Good Vibrations

by Andy Griffin

Some people feel weird about bats which is why, I suppose, that it has fallen to birds and bees to serve as airy metaphors for sexual congress. But bats pollinate flowers too, as do flies, and the inanimate wind itself. This tomato planting I am inspecting, with its galaxy of little yellow starry flowers and scattered small, hard, round, green fruits prompts me to consider the issue further.

Every flower is a sexual organ, either male, female, or hermaphrodite. In botanical terms a hermaphroditic flower is "perfect," i.e., complete. Bees go from plant to plant visiting blossoms to gather pollen and inadvertently fertilize waiting blooms. Every fruit is an ovary. Once the female flower has been inseminated the ovary begins to develop fetal seeds. Each infant seed sends out hormonal messages back through the vascular tissue that supports it to the foliage and roots. "Send me more sugar that I may fill my fruit with sweetness. Feed me more vitamins and minerals that I may be strong. Pack me with energy that I can store." And so a pollinated fruit swells until it splits, while barren ovaries wither to husks and drop to the dirt.

The flavorful flesh of a fruit invites a bird to consume it. Undigested seeds are defecated out randomly, perhaps primed for germination by gastric juices from the bird's gut. Voilá, a simple rootbound plant species has effected courtship and procreation without even moving. But is this the whole story of sex?

No. One of my favorite plants is Carnegiea Gigantea, the saguaro cactus, which produces large, fleshy white flowers as big as two cupped hands. From dusk to dawn these luminous vaginate blooms open themselves to nectar-sipping bats who flap from plant to plant shoving their furry heads deep into the blossoms. The bats emerge with faces glazed with nectar and dusted golden with pollen. Maybe I'll tell my children about the birds and bats when the time comes.

And wind; let's not forget the wind. It is a completely anonymous process but many plants, these tomatoes, for instance, are pollinated by wind. Many insects do visit tomato blossoms but the plants are quite capable of fertilizing themselves if the wind is strong enough to set the racemes of flowers to trembling. When our kids ask us about sex should we tell them, "The answers, my friend, are blowing in the wind?"

Here comes a warm breeze right now, stirring the foliage of my tomato plants and stirring my imagination as well. As usual I begin to think about money. Even with only thirty acres and twelve employees our farm still costs us over a thousand dollars a day to operate. It has been several months since our harvest was big enough to cover costs, let alone generate a profit. Money, when it comes, will come from selling tomatoes. How long then, until these tiny yellow stars and green planets plump up into Sungold cherry toms and Early Girl tomatoes? Two weeks? A month? Can I wait that long?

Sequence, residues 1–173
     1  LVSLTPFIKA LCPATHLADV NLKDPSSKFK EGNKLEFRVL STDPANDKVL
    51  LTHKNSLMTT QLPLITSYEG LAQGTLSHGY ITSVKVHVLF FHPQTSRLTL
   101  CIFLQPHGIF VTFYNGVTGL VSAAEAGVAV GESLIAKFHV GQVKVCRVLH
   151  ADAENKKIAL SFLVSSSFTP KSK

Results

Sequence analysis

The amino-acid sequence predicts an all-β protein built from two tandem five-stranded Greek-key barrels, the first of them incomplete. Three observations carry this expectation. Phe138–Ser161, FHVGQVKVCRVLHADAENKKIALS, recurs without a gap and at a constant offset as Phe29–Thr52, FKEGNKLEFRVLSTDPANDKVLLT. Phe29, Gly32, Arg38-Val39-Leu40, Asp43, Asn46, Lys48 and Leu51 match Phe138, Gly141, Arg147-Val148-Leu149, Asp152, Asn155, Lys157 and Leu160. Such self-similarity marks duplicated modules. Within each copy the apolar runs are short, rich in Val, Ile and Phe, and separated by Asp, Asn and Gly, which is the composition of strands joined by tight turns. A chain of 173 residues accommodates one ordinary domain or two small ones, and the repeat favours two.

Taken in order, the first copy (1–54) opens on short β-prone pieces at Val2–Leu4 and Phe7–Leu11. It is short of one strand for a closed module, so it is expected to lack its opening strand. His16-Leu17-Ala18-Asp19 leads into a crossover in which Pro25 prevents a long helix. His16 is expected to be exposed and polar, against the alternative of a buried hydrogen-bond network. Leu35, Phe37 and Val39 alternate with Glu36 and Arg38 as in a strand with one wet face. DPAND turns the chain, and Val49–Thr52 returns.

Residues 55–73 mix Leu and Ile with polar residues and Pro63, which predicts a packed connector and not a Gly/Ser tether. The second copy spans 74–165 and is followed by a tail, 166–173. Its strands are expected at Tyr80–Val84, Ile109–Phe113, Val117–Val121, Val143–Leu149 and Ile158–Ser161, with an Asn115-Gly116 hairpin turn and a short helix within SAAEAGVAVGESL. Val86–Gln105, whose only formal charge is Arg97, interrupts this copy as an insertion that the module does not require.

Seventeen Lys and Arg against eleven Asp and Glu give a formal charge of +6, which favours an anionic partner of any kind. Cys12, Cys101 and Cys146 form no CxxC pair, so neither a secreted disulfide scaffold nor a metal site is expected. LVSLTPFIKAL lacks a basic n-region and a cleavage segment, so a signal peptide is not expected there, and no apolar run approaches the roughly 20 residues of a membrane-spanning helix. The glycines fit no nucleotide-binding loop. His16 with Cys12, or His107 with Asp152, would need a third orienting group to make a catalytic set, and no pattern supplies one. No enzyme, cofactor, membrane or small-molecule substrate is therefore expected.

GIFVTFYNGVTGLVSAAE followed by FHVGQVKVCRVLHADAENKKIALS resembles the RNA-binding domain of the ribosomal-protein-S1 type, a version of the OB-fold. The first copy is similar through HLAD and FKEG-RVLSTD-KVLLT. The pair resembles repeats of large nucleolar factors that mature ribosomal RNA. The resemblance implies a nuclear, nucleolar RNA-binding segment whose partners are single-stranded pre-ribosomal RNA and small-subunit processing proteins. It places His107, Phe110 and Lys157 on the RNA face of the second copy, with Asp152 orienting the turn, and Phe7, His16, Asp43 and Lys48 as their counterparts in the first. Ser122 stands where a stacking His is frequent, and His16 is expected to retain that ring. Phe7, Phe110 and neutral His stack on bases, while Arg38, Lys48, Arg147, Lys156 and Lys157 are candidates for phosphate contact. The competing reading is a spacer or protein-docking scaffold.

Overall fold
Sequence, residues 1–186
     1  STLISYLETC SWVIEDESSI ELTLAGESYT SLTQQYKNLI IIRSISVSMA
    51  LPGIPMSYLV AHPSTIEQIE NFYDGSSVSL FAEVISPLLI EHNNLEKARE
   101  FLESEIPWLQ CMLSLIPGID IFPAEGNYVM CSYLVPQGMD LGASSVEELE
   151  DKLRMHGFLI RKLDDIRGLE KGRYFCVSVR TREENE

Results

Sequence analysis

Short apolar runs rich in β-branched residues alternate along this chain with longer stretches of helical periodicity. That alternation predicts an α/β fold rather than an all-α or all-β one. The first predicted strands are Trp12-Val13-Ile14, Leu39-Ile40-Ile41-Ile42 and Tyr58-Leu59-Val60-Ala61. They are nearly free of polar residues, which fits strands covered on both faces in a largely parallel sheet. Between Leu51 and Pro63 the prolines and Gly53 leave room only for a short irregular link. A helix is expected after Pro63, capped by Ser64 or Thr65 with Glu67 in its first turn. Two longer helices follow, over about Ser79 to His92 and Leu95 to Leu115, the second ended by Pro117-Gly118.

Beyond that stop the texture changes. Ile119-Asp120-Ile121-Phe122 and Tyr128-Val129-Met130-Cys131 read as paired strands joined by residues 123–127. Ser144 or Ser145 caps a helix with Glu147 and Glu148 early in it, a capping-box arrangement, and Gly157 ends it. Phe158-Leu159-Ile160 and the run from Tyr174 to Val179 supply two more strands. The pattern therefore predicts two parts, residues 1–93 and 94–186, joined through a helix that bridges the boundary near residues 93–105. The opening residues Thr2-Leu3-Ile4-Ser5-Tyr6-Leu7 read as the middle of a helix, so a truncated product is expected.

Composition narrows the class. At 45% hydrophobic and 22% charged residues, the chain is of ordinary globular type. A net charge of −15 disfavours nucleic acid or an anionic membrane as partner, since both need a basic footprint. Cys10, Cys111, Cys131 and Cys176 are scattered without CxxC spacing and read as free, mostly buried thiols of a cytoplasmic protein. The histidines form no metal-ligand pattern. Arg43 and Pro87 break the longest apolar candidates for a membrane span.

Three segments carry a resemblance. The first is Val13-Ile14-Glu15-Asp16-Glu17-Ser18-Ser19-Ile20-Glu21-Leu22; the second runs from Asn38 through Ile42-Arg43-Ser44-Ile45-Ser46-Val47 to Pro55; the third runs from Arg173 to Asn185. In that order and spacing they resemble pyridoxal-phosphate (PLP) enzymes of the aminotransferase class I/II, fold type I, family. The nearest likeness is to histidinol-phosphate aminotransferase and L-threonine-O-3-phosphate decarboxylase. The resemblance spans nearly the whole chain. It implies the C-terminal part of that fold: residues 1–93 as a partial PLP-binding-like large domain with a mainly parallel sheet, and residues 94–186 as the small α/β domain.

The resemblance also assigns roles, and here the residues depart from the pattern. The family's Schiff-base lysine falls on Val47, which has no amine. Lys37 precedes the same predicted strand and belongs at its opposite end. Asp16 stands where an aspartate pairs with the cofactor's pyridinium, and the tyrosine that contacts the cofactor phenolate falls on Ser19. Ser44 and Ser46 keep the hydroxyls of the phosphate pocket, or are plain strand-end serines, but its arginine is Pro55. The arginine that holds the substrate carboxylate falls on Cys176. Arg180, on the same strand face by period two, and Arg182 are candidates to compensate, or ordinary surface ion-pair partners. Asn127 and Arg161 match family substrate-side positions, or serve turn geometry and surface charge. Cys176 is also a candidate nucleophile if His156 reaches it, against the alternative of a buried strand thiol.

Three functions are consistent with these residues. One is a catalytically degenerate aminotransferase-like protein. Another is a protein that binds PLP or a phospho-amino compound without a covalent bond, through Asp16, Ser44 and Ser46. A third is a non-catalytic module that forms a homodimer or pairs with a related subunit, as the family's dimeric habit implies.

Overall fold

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There was a time when I tried to get around this seasonal cash flow crisis by planting out tomatoes in September in a heated greenhouse hoping for a harvest from February through June. We pruned the plants to single stems and trained them to twines suspended from the roof. All fertility and water came through drip emiters. Fans gently circulated the air. It was an entirely artificial environment but I liked it. The greenhouse covering filtered the sun and created a silvery light that induced calm. All was quiet except for the bubbling of the drip system and the murmur of Alfonso's walkman playing us romantic Ricky Martin songs through his skull.

There was no wind in the greenhouse to agitate and pollinate the tomato plants. When the plants began to bloom we rented hives of bumble bees to pollinate but they couldn't do the work. It is a bumble bee's habit to fly in a high arcing pattern from plant to plant, perhaps achieving 14' of altitude. The low nine foot ceiling and crowded jungle-like conditions of our greenhouse depressed the bees. Alan, a co-worker, and I studied our greenhouse supply catalogue for an alternative. Hand-held pollinators were on sale for seventy dollars a piece. Batteries fitted into pistol-grip handles powered a slender short wand causing it to vibrate. Workers were instructed to touch the back of each raceme, each day, agitating it and causing pollen to tumble into the floral ovaries. We would need six pollinators, one each for Alan, myself, Alfonso, Adrian, Carmelo, and Gerardo.

"That's a lot of money," commented Alan. "I know a mail order ‘health' catalogue where we can buy dildo vibrators cheap. If we glue a straw to the tip I'll bet they work just as well as these official pollinators and we'll save over $300.

So we bought a case of vibrating battery-powered dildos and outfitted them with straws. And in the late afternoon when the air was dry and the light was sliver we would pass from plant to plant, dildos in hand set to a low pulse, tickling the tomatoes. Yellow flowers trembled, golden pollen fell, green fruits swelled. We buzzed like bees.


copyright 2003 Andy Griffin